Therefore, the lifetime of indoor PV will likely surpass battery lifetimes which are said to fully discharge after 4 to 12 months for IoT applications (Pecunia, 2021). This also makes reduces the running and maintenance costs of indoor PV powered devices.


            Without the need to replace batteries, indoor PV powered devices are very low maintenance. By combining indoor PV with artificial intelligence there is an opportunity for devices to be self-sufficient and fully autonomous.  

            Challenges for Indoor Photovoltaics

            New material development

              The spectral differences between indoor and outdoor photovoltaic use require wide bandgap materials to be developed. These new materials must surpass the efficiency of battery alternatives and work effectively at significantly lower intensities than the AM1.5 spectrum. 


                Material development will be the largest contributor to the cost of upcoming photovoltaics.

                C-Si cells for outdoor applications have an estimated manufacturing cost per cm2 of $0.006 (Mathews, 2019). Early approaches to IPVs such as amorphous silicon were significantly higher in cost at $0.2 / cm2. The manufacturing cost of III-V devices remains high, at $0.1 / cm2, due to rare components. However, progressive technologies such as perovskite and organic PVs are falling to $0.004 /cm2 and $0.003 / cm2 respectively.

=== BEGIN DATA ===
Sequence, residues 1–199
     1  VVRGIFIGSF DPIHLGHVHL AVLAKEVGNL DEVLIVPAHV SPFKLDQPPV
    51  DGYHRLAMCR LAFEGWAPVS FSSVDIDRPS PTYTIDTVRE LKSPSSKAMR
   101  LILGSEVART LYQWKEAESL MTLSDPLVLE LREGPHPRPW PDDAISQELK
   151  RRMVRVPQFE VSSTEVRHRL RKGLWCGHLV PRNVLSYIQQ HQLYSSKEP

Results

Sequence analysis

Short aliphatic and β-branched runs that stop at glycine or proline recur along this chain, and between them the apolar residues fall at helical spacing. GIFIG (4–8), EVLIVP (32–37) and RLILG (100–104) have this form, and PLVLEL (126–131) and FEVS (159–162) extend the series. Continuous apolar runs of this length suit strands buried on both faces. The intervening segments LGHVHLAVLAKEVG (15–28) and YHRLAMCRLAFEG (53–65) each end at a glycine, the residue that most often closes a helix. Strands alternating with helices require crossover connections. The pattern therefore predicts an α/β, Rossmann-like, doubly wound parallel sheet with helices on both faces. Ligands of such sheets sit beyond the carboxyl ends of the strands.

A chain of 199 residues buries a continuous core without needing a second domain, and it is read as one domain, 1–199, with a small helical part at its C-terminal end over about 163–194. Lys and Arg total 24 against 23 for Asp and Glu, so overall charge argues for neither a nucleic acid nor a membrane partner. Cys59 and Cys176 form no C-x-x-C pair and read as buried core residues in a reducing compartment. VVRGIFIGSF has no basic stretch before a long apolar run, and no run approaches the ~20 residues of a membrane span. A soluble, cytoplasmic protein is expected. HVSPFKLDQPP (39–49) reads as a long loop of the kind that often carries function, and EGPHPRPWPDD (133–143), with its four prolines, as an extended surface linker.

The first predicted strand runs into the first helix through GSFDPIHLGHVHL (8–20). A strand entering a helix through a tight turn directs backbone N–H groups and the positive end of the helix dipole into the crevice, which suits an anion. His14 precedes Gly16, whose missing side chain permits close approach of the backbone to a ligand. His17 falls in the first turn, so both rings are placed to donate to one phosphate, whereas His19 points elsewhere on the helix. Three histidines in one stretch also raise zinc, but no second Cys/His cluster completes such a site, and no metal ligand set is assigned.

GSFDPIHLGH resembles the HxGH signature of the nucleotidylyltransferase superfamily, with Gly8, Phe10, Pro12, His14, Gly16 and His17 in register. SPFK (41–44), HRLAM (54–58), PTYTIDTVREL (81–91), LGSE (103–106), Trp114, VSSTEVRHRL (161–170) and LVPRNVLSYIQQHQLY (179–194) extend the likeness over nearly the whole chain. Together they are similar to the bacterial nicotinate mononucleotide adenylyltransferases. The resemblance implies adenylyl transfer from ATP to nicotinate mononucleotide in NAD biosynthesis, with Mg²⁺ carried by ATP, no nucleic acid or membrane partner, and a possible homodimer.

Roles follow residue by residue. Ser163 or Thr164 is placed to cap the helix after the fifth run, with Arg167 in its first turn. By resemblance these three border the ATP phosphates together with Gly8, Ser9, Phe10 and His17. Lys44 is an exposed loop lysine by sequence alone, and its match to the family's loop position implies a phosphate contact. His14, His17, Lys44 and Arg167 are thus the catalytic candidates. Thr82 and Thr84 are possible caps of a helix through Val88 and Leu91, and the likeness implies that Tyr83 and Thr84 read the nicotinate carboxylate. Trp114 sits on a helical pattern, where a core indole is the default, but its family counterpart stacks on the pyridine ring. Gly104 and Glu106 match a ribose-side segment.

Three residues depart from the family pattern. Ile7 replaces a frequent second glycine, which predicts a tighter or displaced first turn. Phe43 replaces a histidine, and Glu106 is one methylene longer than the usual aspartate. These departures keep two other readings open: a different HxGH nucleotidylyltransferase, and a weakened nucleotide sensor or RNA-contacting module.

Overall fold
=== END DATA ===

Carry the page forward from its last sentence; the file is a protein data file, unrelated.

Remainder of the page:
Power management

                  Like photovoltaics under solar irradiation, indoor photovoltaics will not experience consistent irradiation. Therefore, sufficient storage capacity is required to ensure device operation regardless of irradiation conditions.


                  Cao, Y. et al., 2018. Direct contact of selective charge extraction layers enables high-efficiency molecular photovoltaics. Joule, Volume 2, pp. 1108-1117.

                  Guo, Z. et al., 2021. Dopant-Free Polymer HTM-Based CsPbI2Br Solar Cells with Efficiency Over 17% in Sunlight and 34% in Indoor Light. Advanced Functional Materials, 31(42).

                  Jarosz, G., Franz, M., Marczynski, R. & Signerski, R., 2021. Efficiency limit of excitonic photovoltaic cells under phosphor-based white LED illumination. Organic Electronics, 88(105999).

                  Further Reading

                  K. Srivishnu, M. Rajesh, S. Prasanthkumar and L. Giribabu, “Photovoltaics for Indoor Applications: Progress, challenges and perspectives,” Solar Energy, vol. 264, no. 112057, 2023.

                  H. Michaels, M. Rinderle, I. Benesperi, R. Freitag, A. Gagliardi and M. Freitag, “Emerging indoor photovoltaics for self-powered and self-aware IoT towards sustainable energy management,” Chemical Science, vol. 14, no. 20, pp. 5350-5360, 2023.

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                  Written by

                  Faye Baker

                  Scientific Writer

                  Reviewed by

                  Dr. Mary O'Kane

                  Application Scientist

                  Diagrams by

                  Sam Force

                  Graphic Designer